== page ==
Gary Johnson, whose Libertarian presidential bid has already spooked Republicans, might get a few Democratic voters as well thanks to his support for a sleeper issue in Florida: medical marijuana.
“Johnson is expected to endorse the current effort to put a Constitutional Amendment to legalize medicinal marijuana on the Florida ballot in 2014,” said Johnson’s Florida political advisor, Roger Stone, a one-time GOP operative who lives in Miami Beach.
The marijuana proposal faces a series of tough challenges in Florida. And so does Johnson.
As a third-party candidate, the little-known former Republican governor of New Mexico doesn’t have the name recognition or major financial support that Republican Mitt Romney and President Barack Obama enjoy.
Johnson’s campaign says the system is rigged against other parties. He filed a federal lawsuit this week that claimed the Federal Election Commission owes the campaign $747,115.34 in public campaign-financing money.
The FEC declined to comment.
In August, the FEC reported that it had awarded Johnson’s campaign a total of $303,751.20. The Democratic and Republican parties each received $18,248,300 for their conventions. The two major party candidates are entitled to as much as $92,241,400, Johnson’s suit says.
Johnson has fought or is fighting Republicans with legal challenges to get on the ballot in Virginia, Pennsylvania, Iowa, Michigan and Oklahoma. He also is suing to get into the presidential debates. The first is scheduled for next Wednesday, Oct. 3.
Mirroring Johnson’s uphill struggle: The People United for Medical Marijuana committee, called PUFMM, a largely liberal group. It has raised $40,628 and spent $33,470 since 2009 to get medical marijuana on the Florida ballot. It needs 676,811 valid voter signatures but has collected just 100,000 so far, said PUFMM’s Florida Chairwoman Kim Russell.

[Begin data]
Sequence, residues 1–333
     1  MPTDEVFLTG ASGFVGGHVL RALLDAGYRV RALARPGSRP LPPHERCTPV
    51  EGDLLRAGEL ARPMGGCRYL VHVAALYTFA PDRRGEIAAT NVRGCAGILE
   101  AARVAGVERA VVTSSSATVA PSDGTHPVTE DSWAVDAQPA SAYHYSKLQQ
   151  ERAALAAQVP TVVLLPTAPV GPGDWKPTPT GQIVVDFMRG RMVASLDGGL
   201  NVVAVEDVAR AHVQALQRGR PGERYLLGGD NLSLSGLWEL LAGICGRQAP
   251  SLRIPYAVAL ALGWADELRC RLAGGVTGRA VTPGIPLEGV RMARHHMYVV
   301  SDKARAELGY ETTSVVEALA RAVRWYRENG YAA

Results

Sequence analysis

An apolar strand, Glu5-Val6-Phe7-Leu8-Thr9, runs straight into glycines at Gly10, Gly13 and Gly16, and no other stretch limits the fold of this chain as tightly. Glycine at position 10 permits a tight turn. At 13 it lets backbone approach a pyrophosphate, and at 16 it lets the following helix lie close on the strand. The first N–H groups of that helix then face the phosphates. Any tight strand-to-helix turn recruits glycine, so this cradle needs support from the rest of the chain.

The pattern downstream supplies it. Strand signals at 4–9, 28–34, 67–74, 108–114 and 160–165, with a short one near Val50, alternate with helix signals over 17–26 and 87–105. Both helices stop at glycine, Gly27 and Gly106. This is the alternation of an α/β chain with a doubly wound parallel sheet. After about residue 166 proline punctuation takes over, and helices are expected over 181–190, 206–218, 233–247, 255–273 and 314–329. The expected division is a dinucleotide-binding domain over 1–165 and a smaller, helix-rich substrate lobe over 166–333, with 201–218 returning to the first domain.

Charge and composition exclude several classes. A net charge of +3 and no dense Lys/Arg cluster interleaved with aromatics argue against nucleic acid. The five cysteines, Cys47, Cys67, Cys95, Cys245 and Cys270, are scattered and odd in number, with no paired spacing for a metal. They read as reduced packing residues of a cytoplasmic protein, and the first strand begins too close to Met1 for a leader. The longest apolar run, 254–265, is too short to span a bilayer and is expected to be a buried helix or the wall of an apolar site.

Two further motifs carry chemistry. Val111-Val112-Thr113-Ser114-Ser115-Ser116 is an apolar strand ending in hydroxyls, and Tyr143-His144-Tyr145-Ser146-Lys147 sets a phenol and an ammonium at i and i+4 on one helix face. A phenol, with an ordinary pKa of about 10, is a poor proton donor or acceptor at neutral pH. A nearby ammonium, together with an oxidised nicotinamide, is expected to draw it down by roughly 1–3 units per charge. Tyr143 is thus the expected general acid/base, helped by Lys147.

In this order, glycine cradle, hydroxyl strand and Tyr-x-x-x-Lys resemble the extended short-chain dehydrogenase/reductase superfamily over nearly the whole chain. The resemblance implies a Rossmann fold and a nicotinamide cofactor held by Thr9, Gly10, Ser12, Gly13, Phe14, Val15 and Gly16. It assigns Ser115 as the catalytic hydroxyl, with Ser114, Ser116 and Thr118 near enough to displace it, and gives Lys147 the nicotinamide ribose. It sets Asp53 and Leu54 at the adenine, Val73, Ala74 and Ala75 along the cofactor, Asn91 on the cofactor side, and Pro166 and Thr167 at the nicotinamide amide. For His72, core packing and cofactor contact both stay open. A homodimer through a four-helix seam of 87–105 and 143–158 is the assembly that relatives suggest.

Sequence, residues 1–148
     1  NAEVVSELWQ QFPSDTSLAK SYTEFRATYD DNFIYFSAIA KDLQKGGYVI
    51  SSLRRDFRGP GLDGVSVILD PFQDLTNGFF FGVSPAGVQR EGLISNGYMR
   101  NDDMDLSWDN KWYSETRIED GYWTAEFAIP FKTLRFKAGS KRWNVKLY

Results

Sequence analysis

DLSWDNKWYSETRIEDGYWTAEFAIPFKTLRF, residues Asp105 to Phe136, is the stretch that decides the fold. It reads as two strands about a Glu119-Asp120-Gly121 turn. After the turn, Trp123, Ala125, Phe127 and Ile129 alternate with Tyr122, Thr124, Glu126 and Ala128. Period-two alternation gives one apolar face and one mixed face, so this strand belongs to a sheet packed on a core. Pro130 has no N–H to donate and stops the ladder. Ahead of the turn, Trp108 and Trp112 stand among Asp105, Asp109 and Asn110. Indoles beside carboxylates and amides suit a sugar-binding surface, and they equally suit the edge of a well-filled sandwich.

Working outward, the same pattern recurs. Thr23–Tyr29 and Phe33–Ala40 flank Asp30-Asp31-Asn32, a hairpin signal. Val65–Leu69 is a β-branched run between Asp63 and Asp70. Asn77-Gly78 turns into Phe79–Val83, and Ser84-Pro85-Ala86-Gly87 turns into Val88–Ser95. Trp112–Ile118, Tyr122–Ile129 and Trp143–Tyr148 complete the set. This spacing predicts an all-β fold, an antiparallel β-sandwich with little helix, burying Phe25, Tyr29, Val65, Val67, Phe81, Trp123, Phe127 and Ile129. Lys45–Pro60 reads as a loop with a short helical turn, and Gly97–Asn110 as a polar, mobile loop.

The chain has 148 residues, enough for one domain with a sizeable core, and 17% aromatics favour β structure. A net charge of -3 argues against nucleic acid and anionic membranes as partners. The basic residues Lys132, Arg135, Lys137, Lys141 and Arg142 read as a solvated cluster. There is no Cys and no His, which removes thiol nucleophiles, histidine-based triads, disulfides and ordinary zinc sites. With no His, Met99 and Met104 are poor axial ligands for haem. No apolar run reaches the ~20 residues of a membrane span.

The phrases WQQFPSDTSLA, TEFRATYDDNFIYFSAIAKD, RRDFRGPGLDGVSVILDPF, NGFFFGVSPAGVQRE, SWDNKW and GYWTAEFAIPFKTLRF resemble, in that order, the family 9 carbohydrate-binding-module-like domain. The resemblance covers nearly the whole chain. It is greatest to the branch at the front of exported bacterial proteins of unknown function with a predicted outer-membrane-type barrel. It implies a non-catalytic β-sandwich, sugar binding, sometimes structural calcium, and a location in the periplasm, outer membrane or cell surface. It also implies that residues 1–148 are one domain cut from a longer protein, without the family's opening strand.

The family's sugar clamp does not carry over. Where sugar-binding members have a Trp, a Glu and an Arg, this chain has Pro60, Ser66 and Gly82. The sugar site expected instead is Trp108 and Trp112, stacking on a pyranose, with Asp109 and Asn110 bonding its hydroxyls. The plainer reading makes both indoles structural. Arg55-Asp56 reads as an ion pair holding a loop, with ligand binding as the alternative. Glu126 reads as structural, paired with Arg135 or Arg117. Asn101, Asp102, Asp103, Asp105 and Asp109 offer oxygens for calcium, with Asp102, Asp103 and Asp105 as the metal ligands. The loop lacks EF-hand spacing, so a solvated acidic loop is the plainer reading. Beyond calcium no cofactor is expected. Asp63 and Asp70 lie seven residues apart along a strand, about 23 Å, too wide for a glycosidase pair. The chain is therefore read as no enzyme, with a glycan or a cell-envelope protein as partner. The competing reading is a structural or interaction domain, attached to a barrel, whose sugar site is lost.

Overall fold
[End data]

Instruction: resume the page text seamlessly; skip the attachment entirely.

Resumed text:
If the measure makes the ballot, it would then face the daunting requirement that it pass with 60 percent of the vote.
Russell said she hoped Johnson would help spread the word of the medical-marijuana campaign.
“Hopefully it’ll make a big difference,” she said. “He’s awesome.”
Johnson doesn’t have much support in Florida. He pulled just 1 percent in The Miami Herald/Tampa Bay News’ latest poll.
But, as Ralph Nader proved in 2000, a percent means a lot in a tight Florida election. Nader received 1.6 percent of the vote, and many liberals blamed George Bush’s 537-vote victory in Florida on Nader.
The Libertarian candidate in 2008, Bob Barr, won 0.21 percent of the Florida vote.
Stone, Johnson’s advisor, believes he’ll do better than Barr.
He points out that Johnson is appealing to the right for his stances on taxes and regulation. And liberals like his position on medical marijuana, which is decriminalized in 17 states and the District of Columbia. Seven more states could decide this year whether to follow suit.
Meantime, the Obama administration has begun to more aggressively use federal authority to keep pot illegal.
To get the Johnson message out, allies have passed out packs of Johnson-emblazoned “Live Free” rolling papers that are printed by a group calling itself the Thomas Jefferson Coalition, which features an apparently apocryphal quote from the founding father. Folks pass them out at Johnson rallies like a gay-rights discussion in Orlando.
“Pardons to all first time non-violent drug offenders,” the packs say on one side. “Haven’t American families suffered enough?”